She is Concepcion "Connie" Picciotto, 77, and she has kept a peace vigil in front of the presidential residence since the 1980s.

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The Salt
1:24 pm
Thu September 12, 2013

Taking Down Big Food Is The Name Of Chipotle's New Game

Chipotle Mexican Grill launched The Scarecrow, an arcade-style adventure game for iPhone, iPad and iPod touch.
Business Wire

Originally published on Tue September 17, 2013 1:22 pm

Chipotle Mexican Grill prides itself on the fact that it serves only "responsibly raised beef, pork and chicken." That means the meat it buys comes from animals raised outside or in comfy pens, who are never given antibiotics and are fed an additive-free, vegetarian diet.

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Parallels
12:55 pm
Thu September 12, 2013

For Some Syrian Refugees, A New Home In Germany

Syrian refugees wait in Beirut before a flight to Germany on Wednesday. More than 100 Syrians were on the flight, the first mass relocation program for Syrian refugees. Germany has agreed to take in 5,000 of them.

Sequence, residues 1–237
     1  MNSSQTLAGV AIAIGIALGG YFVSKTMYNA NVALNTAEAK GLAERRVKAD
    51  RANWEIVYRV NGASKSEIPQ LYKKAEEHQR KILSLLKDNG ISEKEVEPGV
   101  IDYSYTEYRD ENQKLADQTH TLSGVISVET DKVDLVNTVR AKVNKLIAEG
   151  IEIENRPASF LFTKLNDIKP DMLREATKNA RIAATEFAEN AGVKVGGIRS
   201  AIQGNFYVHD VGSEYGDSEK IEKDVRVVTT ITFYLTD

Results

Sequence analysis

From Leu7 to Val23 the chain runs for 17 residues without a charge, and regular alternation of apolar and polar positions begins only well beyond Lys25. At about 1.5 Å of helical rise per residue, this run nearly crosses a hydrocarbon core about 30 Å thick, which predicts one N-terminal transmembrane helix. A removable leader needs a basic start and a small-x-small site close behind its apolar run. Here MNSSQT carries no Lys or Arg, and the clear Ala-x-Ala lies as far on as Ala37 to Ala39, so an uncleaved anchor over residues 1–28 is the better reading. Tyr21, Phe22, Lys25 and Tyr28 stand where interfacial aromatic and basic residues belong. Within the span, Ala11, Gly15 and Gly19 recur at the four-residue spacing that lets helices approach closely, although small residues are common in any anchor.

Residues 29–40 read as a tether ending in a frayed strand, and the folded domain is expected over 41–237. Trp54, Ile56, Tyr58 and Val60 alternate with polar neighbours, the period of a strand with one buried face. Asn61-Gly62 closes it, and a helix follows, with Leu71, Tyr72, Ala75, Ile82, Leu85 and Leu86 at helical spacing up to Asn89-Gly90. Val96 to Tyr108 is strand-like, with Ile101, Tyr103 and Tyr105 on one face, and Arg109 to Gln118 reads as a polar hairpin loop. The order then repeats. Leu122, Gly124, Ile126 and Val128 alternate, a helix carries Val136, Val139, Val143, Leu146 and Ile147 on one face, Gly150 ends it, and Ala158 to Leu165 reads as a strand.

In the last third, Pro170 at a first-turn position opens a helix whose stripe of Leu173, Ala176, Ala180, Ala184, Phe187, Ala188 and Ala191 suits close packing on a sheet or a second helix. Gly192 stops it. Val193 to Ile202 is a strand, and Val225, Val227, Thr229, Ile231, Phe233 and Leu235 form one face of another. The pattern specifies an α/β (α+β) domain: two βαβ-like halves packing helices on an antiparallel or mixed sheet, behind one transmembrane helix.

Nabil Mounzer EPA/LANDOV

Originally published on Thu September 12, 2013 3:21 pm

As a Syrian Christian man rolled the family luggage through Beirut's international airport, he practiced his German: "Thank you, danke, dankeschon."

The man, who asked not to be named, is part of a group of Syrian refugees offered temporary resettlement by Germany for two years. The contingent, which flew out Wednesday, included 70 adults and 37 children and infants.

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The Two-Way
12:53 pm
Thu September 12, 2013

Voyager Has Left The Solar System (This Time For Real!)

A NASA image of one of the Voyager space probes, launched in 1977 to study the outer solar system and eventually interstellar space.
NASA Getty Images

Originally published on Thu September 12, 2013 3:31 pm

Stop us if you've heard this one: A spacecraft flies out of the solar system ...

Yes, the planetary probe Voyager 1, launched in the era of Jimmy Carter and bell-bottoms, has finally left the room, so to speak, years after completing its primary mission: a "grand tour" of the gas giants Jupiter and Saturn (twin Voyager 2 also visited Uranus and Neptune).

And years after we first started talking about its departure.

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Book Reviews
12:03 pm
Thu September 12, 2013

Filmmaker Turns To Education Reform, Gets 'Schooled'

While researching his buoyant, impassioned (and thoroughly subtitled) new book about education, I Got Schooled: The Unlikely Story of How a Moonlighting Movie Maker Learned the Five Keys to Closing America's Education Gap, M. Night Shyamalan suddenly found himself at the head of an inner-city school English classroom. And he was terrified. "Time stopped," he writes, "similar to when you are on a plane with turbulence that's supposed to last thirty seconds, but it feels like much, much longer."